Let’s look at several of these assertions.  

First: “The Bible as we know it today was collated by….Constantine the Great [who] commissioned and financed a new Bible.” This leaves the impression that Constantine determined which books would constitute the New Testament. This is totally and completely false. As a matter of historical fact, although there was a great deal of consensus among the Churches as to what constituted the New Testament well before the Council of Nicea, the first person to list the 27 books that all Christians today accept as the New Testament was not Constantine the Great but Athanasius the Great, the bishop and patriarch of Alexandria in Egypt, in a circular letter to all the Churches in Egypt written in 367AD, 42 years after the 1st Ecumenical Council. It was not Constantine who determined the canon of the New Testament as part of a political power play but the Church, in the persons of its bishops and teachers.  

Second: We would agree that the New Testament “did not arrive by fax from heaven.” The books of the New Testament were written by the apostles in order to get the story about Jesus straight. This is made clear, for example, in the opening verses of the Gospel of Luke 1: 1-4, where Luke, a friend and disciple of the apostle Paul, states that he wrote his gospel as “an orderly account” of the life, ministry, death and resurrection of the Lord Jesus after having “carefully studied” and consulting “eyewitnesses.” Virtually all scholars agree that Luke’s gospel was written sometime between 80 and 90 AD at the latest. Some scholars theorize that his gospel was written even earlier. Mark’s gospel was certainly written earlier, no later than 65AD, probably in Rome, within only a few years of the execution of Peter and Paul during the persecution of Christians under Nero. All of the Gospels proclaim that Jesus was not “a mortal prophet” and the disciples understood that Jesus was far more than just a man. When the disciples are asked by Jesus, “Who do you say that I am?” the apostle Peter responds: “You are the Christ, the Son of the living God!” (Matthew 16:16). Nathaniel, another one of the 12 apostles, declares to Jesus, “Rabbi, you are the Son of God! You are the King of Israel!” (John 1:49). After Jesus calms a storm and walks on water, the Gospel of Matthew records that the disciples “exclaimed: Truly you are the Son of God!” (Matthew14:33). In fact, Jesus is called “the Son of God” more than fifty times in the books of the New Testament! It would certainly be a surprise to the apostles (including Paul) to learn that they did not proclaim Jesus to be the Son of God and that this had to wait until the 1st Ecumenical Council. It is therefore utterly false to assert that “Jesus was viewed by his followers as a mortal prophet….a great and powerful man, but a man nonetheless” prior to the Council of Nicea. Just the opposite is true: the 1st Ecumenical Council was held in Nicea to uphold the New Testament teaching that Jesus is the Word and Son of God against the false teaching of an Egyptian man named Arius, a priest who taught that Jesus was more than a man but less than God – a kind of super angel. Athanasius, the future patriarch of Alexandria, attended the 1st Ecumenical Council as a young deacon. And, by the way, the vote was not “relatively close” at all. Of the 318 bishops who attended, all but 2 sided with the New Testament and the apostles and not Arius.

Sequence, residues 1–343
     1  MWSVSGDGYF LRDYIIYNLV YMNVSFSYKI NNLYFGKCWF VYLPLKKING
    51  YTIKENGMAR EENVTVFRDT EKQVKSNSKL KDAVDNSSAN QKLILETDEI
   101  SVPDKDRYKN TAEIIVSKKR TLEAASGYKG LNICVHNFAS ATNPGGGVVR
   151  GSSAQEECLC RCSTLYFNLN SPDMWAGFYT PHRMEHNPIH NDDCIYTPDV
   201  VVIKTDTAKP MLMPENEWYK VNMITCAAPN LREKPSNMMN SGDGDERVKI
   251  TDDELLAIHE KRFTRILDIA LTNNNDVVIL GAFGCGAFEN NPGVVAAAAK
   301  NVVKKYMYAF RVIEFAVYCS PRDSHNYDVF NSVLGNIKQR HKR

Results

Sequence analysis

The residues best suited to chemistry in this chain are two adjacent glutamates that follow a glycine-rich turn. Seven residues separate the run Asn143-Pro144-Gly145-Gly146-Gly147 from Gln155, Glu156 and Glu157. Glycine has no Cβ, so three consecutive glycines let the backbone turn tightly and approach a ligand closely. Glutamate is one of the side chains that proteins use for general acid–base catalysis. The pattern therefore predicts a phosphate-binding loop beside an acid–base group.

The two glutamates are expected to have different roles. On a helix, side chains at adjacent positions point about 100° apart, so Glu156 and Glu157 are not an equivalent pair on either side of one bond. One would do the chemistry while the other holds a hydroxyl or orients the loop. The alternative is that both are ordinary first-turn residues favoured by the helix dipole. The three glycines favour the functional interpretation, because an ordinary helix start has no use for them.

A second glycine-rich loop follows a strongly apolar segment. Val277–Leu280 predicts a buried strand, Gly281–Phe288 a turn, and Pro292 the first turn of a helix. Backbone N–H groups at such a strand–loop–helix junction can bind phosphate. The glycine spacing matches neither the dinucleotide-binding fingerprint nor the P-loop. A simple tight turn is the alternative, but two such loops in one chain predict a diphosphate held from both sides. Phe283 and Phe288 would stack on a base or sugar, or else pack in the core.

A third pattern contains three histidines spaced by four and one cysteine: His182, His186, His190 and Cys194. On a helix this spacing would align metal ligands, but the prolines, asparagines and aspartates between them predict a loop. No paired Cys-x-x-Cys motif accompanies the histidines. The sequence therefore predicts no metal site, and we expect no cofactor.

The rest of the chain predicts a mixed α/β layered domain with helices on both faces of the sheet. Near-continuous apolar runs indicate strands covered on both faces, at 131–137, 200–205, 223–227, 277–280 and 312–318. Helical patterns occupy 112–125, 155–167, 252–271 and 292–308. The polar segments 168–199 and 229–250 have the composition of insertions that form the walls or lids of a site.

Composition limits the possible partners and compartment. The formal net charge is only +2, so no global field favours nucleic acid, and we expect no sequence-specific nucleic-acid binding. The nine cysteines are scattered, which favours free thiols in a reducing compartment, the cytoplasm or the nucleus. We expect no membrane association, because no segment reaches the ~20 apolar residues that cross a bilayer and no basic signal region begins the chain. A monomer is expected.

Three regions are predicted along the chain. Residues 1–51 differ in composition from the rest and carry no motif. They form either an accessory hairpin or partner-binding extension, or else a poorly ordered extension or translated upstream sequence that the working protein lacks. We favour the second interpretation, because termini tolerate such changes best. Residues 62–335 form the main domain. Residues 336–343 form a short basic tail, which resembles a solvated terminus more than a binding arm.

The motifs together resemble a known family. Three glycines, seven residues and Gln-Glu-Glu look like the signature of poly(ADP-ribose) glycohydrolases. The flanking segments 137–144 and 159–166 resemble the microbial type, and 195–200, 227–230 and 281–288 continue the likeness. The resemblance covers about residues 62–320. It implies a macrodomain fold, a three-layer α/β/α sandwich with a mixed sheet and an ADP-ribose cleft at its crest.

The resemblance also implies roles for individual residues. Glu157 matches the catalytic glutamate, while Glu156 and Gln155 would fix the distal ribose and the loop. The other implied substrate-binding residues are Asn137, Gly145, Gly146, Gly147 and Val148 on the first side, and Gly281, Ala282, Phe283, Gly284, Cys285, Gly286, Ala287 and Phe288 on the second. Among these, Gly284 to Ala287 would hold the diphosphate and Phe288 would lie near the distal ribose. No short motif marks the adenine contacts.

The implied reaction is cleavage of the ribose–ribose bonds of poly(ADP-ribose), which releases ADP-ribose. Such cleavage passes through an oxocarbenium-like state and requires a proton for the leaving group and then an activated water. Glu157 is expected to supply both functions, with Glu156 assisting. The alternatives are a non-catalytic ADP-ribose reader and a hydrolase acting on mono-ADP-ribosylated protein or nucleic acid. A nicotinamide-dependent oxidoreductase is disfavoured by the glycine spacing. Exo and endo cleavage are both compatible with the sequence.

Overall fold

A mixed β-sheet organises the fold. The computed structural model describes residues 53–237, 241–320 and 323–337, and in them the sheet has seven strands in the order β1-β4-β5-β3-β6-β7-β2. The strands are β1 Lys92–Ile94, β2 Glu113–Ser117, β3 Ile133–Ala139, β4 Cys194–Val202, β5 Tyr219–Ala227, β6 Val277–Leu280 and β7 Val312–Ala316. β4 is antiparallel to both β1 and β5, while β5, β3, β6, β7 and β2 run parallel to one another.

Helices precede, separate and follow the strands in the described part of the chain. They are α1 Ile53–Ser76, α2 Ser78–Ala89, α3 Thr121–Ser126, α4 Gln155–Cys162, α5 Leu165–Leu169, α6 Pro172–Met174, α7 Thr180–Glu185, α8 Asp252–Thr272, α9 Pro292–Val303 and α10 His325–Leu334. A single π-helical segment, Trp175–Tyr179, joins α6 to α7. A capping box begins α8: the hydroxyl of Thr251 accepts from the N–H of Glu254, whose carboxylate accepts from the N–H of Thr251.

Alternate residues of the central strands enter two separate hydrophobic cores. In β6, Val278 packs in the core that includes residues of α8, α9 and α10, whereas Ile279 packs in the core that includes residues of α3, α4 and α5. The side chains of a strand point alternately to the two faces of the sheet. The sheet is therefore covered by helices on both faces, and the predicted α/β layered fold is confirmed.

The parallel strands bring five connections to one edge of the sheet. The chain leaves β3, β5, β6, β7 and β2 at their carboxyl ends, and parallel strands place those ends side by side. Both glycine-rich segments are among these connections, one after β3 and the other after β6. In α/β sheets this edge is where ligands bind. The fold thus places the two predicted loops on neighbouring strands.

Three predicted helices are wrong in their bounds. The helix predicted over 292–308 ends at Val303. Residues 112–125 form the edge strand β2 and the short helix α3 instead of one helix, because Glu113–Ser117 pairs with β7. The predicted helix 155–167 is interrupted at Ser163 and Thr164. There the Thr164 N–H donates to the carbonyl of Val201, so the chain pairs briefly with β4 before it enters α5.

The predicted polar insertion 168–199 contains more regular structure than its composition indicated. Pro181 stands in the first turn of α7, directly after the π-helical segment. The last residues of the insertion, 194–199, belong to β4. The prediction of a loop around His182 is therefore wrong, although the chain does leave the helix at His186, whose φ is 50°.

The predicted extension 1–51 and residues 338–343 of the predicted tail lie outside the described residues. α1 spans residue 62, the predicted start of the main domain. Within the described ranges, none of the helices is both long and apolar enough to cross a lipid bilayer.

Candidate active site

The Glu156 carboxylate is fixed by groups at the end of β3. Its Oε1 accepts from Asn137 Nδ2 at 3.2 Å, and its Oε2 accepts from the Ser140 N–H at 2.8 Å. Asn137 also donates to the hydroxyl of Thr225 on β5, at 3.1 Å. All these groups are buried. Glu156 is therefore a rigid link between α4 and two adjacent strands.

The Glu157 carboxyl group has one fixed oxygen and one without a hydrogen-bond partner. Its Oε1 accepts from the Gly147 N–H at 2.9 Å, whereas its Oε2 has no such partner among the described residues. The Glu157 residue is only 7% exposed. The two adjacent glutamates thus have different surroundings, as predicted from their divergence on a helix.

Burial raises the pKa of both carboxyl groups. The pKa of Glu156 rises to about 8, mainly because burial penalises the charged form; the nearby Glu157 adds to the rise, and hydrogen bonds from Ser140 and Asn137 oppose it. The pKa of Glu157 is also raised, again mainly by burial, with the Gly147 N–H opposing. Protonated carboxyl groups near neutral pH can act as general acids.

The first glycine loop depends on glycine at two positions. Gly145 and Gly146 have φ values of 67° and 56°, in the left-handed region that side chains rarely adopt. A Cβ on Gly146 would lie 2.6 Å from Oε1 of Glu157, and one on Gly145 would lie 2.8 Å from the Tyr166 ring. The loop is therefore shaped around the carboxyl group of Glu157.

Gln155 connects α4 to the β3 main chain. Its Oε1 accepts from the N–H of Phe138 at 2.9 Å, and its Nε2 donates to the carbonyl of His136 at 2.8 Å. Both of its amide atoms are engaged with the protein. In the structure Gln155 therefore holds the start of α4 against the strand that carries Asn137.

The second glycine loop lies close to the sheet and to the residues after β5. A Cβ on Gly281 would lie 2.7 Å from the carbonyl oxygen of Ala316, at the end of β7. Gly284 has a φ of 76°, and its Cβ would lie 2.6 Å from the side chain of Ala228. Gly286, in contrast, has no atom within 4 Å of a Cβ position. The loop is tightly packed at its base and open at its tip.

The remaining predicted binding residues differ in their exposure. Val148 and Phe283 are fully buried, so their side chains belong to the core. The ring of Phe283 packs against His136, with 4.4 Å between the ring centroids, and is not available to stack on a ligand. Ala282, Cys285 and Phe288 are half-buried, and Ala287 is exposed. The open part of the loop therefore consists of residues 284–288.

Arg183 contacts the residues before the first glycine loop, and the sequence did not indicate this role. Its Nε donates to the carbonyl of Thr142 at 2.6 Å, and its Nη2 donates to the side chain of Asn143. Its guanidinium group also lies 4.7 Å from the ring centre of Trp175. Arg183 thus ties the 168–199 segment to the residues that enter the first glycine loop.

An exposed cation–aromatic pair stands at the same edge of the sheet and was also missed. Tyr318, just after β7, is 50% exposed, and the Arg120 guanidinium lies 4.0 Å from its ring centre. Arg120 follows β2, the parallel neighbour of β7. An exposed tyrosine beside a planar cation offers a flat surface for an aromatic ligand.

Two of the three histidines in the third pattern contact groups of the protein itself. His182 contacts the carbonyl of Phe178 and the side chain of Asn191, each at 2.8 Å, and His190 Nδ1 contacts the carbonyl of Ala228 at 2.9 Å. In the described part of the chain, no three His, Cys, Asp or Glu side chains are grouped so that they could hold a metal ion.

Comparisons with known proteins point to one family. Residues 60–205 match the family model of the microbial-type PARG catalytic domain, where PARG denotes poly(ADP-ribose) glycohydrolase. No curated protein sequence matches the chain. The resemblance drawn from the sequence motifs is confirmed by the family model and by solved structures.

Third, and finally for this morning: In the 4th century, during the reign of Constantine, there was no such thing as “the new Vatican power base.” This is little more than an anti-Roman Catholic slur, one of many contained throughout the book. In fact, there was no such thing as the Vatican as we understand it today. For Mr. Brown, the author of The Da Vinci Code, the only Church is the Roman Catholic Church and he reads back into the 4th century the medieval rise and development of the papacy in the West. This is anachronistic. The Vatican, as we understand it today, is the result of the fall of the Roman Empire in western Europe in the 5th and 6th centuries, the increasing civil responsibilities of the papacy during the early Middle Ages, the emergence of the papal states and a number of other historical processes stretching over many centuries, long after Constantine’s death. And finally, the modern Vatican state is a creation of the 19th century and the rise of Italian nationalism.  

We’ll continue looking at the errors contained in The Da Vinci Code in next week’s sermon!